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Spacecraft Buzzes Jupiter’s Mega-Moon, First Close-up in Years

NASA’s Juno spacecraft has provided the first close-ups of Jupiter’s biggest moon in 20 years. Juno zoomed past icy Ganymede on Monday, passing within just 645 miles (1,038 kilometres) of its surface. The last time a spacecraft came anywhere near that close was in 2000, when NASA’s Galileo spacecraft swept past our solar system’s biggest moon.

NASA released Juno’s first two pictures of Ganymede on Tuesday that show craters and long, narrow features possibly related to tectonic faults. One shows the moon’s far side, facing away from the Sun. “This is the closest any spacecraft has come to this mammoth moon in a generation,” said Juno’s lead scientist, Scott Bolton, of the Southwest Research Institute in San Antonio.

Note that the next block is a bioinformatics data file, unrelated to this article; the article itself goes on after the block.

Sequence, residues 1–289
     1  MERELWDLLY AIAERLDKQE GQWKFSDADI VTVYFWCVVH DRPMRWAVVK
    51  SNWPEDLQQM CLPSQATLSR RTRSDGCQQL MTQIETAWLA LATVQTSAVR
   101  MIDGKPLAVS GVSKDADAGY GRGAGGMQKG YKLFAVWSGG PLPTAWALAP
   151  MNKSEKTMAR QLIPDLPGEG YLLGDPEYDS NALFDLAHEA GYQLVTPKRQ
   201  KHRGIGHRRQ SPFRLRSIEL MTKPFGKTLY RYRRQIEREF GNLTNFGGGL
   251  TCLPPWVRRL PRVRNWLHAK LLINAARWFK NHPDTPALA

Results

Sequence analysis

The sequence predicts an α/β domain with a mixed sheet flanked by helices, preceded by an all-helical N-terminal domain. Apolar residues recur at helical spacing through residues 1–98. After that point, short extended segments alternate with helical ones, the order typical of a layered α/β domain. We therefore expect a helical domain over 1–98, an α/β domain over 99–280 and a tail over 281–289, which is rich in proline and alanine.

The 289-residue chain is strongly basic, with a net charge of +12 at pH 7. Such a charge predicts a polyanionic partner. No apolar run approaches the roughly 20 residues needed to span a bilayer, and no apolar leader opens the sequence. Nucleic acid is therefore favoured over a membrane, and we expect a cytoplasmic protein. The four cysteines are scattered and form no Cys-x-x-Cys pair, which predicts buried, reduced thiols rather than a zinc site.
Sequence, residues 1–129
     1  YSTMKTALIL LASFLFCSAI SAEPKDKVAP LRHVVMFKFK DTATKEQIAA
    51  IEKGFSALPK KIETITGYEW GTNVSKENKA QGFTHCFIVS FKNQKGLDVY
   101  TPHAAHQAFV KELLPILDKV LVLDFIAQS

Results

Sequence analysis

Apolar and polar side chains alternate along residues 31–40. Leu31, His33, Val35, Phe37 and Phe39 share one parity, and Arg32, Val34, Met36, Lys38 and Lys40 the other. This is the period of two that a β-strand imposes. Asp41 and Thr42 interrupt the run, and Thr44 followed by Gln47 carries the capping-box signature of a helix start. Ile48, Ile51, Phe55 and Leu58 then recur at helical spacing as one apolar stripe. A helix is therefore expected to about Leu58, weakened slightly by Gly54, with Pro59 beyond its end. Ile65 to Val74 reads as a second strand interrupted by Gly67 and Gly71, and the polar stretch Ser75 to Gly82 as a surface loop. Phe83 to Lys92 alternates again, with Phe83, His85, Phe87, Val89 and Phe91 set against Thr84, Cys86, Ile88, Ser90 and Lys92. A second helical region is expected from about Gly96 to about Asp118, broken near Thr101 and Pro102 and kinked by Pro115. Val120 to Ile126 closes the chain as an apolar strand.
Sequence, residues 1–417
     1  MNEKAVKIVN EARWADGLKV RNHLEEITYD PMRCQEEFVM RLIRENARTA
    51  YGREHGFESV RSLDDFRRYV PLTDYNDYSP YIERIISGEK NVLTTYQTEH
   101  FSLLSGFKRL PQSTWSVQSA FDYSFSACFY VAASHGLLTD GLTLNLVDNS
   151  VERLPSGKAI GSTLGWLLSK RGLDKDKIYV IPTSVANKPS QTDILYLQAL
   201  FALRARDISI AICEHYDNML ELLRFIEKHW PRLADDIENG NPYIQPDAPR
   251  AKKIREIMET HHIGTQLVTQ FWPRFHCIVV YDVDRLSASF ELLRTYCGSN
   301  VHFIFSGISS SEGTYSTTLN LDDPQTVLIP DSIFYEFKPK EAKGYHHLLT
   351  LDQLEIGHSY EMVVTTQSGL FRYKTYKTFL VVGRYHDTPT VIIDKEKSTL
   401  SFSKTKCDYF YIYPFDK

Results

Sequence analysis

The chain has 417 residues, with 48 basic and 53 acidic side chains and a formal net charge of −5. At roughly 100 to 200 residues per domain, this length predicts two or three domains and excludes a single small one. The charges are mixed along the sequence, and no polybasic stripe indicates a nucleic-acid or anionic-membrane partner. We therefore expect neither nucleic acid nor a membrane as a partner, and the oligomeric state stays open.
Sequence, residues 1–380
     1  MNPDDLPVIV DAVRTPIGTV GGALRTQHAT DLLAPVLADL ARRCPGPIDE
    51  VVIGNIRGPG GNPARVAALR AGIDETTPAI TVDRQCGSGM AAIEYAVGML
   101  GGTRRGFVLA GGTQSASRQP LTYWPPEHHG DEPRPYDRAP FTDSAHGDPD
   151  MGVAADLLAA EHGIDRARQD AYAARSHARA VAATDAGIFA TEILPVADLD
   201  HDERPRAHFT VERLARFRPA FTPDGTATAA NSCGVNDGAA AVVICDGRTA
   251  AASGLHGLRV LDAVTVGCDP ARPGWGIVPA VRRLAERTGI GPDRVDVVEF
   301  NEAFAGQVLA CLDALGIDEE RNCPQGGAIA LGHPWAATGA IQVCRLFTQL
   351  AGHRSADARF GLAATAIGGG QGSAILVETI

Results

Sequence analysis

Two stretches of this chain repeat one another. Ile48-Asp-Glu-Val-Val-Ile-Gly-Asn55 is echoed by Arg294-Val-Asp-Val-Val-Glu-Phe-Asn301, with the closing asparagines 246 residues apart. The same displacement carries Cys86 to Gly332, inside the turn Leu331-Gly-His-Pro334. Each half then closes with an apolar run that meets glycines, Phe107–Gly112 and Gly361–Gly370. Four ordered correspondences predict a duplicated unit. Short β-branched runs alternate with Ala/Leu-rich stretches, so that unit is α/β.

“We are going to take our time before we draw any scientific conclusions, but until then we can simply marvel at this celestial wonder – the only moon in our solar system bigger than the planet Mercury.”

Ganymede is one of 79 known moons orbiting Jupiter and discovered by the Italian astronomer Galileo Galilei in 1610, along with Jupiter’s three next-biggest moons. Launched a decade ago, Juno has been orbiting Jupiter for five years. Its suite of sensitive instruments has enabled us to see Ganymede like never before.


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